A 2016 report from the American Cancer Society and National Cancer Institute estimates there are more than 15.5 million cancer survivors alive in the U.S. today. By 2026, that number is expected to hit more than 20 million. Charmian Lykins, a nurse navigator with Renown Institute for Cancer, joins us to talk about the resources and care survivors need after treatment is complete.
Most cancer survival rates are higher than ever, thanks to more routine screenings and more people quitting smoking. And life after a cancer diagnosis and treatment can be full and robust with the help of a survivor care plan. We asked Charmian Lykins, a nurse navigator with the Renown Institute for Cancer, to explain more.
First off, what are some of the issues cancer survivors face after treatment?
Going through cancer treatment can be a long journey, and survivorship is yet another journey to go through. There are a lot of new “normals” for them to get used to.
Survivors can have late or long-term physical effects from their treatment, such as weight and nutrition issues, sexual health concerns, ongoing pain and trouble sleeping. They can also suffer from emotional effects of their past diagnosis and treatment, such as depression or anxiety.
There are also positives for life after cancer. Many survivors identify with the concept of “post-traumatic growth,” and find that they have found new meaning and purpose in their lives.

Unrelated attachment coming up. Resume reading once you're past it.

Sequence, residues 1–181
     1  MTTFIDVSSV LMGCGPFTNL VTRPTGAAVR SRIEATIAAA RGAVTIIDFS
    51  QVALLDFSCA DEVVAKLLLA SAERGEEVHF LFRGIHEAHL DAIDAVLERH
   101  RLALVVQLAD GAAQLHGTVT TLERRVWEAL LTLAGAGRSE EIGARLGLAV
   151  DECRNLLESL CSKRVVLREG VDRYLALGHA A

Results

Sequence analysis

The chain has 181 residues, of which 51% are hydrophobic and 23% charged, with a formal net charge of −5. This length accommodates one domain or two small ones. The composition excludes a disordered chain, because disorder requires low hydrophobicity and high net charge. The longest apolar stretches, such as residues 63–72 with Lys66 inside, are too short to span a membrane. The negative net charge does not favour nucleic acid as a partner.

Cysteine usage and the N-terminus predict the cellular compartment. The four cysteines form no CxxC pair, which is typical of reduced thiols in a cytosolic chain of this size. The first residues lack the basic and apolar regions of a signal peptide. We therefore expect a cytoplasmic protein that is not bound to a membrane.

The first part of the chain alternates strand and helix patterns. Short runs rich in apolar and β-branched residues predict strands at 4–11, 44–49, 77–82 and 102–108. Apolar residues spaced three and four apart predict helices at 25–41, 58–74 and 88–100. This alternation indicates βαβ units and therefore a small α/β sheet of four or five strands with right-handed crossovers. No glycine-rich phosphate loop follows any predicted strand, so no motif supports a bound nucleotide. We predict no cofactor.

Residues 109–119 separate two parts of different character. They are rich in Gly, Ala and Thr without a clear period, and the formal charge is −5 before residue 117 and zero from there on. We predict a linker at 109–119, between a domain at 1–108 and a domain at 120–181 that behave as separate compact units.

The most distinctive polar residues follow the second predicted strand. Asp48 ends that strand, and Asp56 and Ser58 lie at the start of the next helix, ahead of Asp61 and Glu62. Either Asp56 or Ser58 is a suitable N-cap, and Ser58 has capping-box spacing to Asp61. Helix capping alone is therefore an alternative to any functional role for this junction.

What does survivor care include? Why is it important for survivors?
Survivor care is a fairly new concept. Through survivor care, we provide resources and help clarify their after-care plan.
And I also emphasize the importance of keeping up with their follow-up appointments and doctor’s recommendations. Being proactive is really essential for survivorship. The chance of recurrence depends on the type of cancer, so it’s important to talk with them about risk of recurrence as well.
Renown Health offers cancer support groups that are open to newly diagnosed patients, patients who are currently undergoing treatment, as well as survivors and loved ones. The purpose of these support groups is to give everyone a space to share their experiences and concerns, which helps patients know they aren’t alone.
Many survivors can be anxious about their cancer coming back. What advice do you give them?
I help them focus on what’s in their control to help them prevent cancer again, which includes eating a healthy diet, exercising, not smoking and limiting alcohol intake.
The check-ups recommended by their doctor are important in making sure that they are still cancer-free as well. Since there’s no way to guarantee that a survivor will be 100 percent cancer-free for the rest of their life, it’s important to keep up with screenings and cancer prevention steps.
So what can friends and loved ones do, or maybe even avoid doing, to help after treatment?
Continue to support them and be there for them — you don’t want them to feel like you’ve left after they finished treatment.
Remember that survivors can often have lasting health effects that leave them with different energy levels and abilities than before they were diagnosed. Be patient and understand that it can take them some time to get back to being themselves.